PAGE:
The Collison Effect:  PG Darren Collison is arguably the best on-the-ball defender in all the land.  He is lightning quick and made Kelvin Grady look like an eighth grader when these two teams played last year.  On Offense, Beilein will be forced to rotate CJ Lee, David Merritt, and Kelvin Grady.  None of these guys can match Collison’s quickness, but fresh legs should help a little bit. The point of interest here is whether or not the Bruins decide to put Collison on Manny Harris or give that assignment to Josh Shipp.  Look for Shipp to start on Harris, but if Manny gets hot don’t be surprised to see Collison start to put pressure on Harris and funnel him toward the help defense.


The One They Call “Fresh”: Manny Harris was named Big Ten Player of the Week last week and rightfully so.  On consecutive points, he put up 56 points and almost dropped a triple-double on a team that just got done giving Providence a reality check.  Harris has been great and could potentially become the first player to average 20 ppg since a guy by the name of Juwan Howard (actually, the last guy to do it was Louis Bullock, but “technically” that never happened…).  Harris needs to get started early in order to give guys like Anthony Wright and Stu Douglass opportunities to play “Beilein Ball” and hit open threes.


Last note on Harris: A lot of fans I’ve talked to have voiced their concern that Harris could go pro at the end of the season.  To them I say this:  Harris making the jump to the pros would be the worst decision since MSU’s Marcus Taylor tried to make the jump early as a Sophmore and was drafted 52nd overall by the Timberwolves. Taylor was promptly cut after camp and was never heard from again.  However, I think Harris is smarter than Taylor and knows the level of skill needed to make the transition.  He has a bright future ahead of him.   However, NBAdraft.net has Harris not even on the board in ’09 and as a late first round pick in 2010. I agree with that assessment and will wait one more season before I seriously talk about his NBA prospects.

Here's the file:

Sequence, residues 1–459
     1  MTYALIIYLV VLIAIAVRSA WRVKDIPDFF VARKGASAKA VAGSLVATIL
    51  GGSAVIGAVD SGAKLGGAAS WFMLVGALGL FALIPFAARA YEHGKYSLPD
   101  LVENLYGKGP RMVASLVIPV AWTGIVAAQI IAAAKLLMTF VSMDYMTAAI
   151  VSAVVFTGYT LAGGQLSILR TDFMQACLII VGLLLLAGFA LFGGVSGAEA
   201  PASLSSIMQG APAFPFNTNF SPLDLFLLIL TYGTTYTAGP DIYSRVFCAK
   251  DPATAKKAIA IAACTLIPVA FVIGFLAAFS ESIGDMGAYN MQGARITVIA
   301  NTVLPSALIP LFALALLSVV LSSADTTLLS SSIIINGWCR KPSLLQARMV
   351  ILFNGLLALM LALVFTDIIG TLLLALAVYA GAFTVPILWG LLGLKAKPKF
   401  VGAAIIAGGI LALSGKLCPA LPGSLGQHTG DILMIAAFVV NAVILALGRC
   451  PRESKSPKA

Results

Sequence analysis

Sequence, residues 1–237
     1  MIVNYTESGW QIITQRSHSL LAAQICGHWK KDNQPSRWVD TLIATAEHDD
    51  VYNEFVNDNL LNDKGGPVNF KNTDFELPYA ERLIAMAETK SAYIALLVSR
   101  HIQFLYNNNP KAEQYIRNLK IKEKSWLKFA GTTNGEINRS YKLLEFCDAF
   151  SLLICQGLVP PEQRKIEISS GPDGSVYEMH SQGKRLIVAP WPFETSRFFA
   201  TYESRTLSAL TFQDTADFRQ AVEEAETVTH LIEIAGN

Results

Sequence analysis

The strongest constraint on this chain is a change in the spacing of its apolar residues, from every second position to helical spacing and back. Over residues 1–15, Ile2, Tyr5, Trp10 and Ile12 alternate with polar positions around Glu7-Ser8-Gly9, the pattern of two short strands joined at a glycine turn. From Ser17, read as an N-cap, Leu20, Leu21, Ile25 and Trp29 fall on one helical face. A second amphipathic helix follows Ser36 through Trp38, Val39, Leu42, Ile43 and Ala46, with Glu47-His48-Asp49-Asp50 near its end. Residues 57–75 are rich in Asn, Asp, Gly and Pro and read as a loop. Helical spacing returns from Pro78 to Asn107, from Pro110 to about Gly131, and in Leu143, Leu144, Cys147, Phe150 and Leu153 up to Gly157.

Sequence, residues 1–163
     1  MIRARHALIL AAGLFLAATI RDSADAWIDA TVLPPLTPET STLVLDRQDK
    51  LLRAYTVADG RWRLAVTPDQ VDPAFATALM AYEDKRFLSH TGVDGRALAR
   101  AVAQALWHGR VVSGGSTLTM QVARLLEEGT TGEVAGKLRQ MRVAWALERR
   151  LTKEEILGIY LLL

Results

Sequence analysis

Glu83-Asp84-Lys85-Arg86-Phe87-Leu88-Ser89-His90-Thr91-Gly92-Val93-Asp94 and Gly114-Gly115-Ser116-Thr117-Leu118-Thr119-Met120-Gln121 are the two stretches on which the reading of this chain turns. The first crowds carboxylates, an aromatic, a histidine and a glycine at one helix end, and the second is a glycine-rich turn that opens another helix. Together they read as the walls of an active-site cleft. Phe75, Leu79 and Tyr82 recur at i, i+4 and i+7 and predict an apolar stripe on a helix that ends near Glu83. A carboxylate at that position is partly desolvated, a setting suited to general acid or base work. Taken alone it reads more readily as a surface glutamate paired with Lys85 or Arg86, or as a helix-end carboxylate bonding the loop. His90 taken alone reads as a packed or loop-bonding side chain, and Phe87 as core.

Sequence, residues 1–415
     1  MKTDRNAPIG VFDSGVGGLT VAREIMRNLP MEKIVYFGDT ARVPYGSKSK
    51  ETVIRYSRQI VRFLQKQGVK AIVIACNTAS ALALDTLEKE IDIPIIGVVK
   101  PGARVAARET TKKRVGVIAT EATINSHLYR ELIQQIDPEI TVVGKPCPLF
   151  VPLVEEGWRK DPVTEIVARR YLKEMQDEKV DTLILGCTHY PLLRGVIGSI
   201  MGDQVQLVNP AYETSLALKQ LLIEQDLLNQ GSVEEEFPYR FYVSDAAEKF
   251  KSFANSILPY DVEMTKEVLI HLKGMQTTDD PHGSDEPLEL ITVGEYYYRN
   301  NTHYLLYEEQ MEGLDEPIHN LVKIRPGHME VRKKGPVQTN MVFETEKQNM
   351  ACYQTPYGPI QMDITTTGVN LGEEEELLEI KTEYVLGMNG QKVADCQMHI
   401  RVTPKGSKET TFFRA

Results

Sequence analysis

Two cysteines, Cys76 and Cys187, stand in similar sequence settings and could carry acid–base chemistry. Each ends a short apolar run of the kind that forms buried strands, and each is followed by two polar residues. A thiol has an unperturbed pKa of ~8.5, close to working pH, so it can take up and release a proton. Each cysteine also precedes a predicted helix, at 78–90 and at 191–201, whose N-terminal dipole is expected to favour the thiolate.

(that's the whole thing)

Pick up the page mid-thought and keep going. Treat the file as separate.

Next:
The Frontcourt:  I can only hope that Zach Gibson watched the game film from last week and totally changed his outlook of how he needs to approach this game against UCLA.  Hopefully the game film, plus the cold weather this week, has ignited a Rocky-like fire inside him.  Try and picture Gibson running up the steps of the Angell Hall in a gray sweatsuit, knit cap, and Chuck Taylors.  Few things would motivate me to get to Angell Hall before 9 AM in the winter, but witnessing this would be one of them.  While I have trouble seeing it, I think this is the mentality he needs to adopt to rebound from last week’s performance against Northeastern.  Both Gibson and Sims could really be effective against a somewhat undersized front-line of UCLA (Aboya at C is closer to 6’8 than his listed 6’9).  Look for Beilein to go inside early to test Aboya.


Other points of interest: Douglass needs to have a big game to give UM a shot, CJ Lee makes his Big Apple return, Michigan’s first National TV appearance of the year, and UM Bball could have fewer losses than UM Hockey heading into the Christmas break.  Didn’t think I’d be saying that a year ago…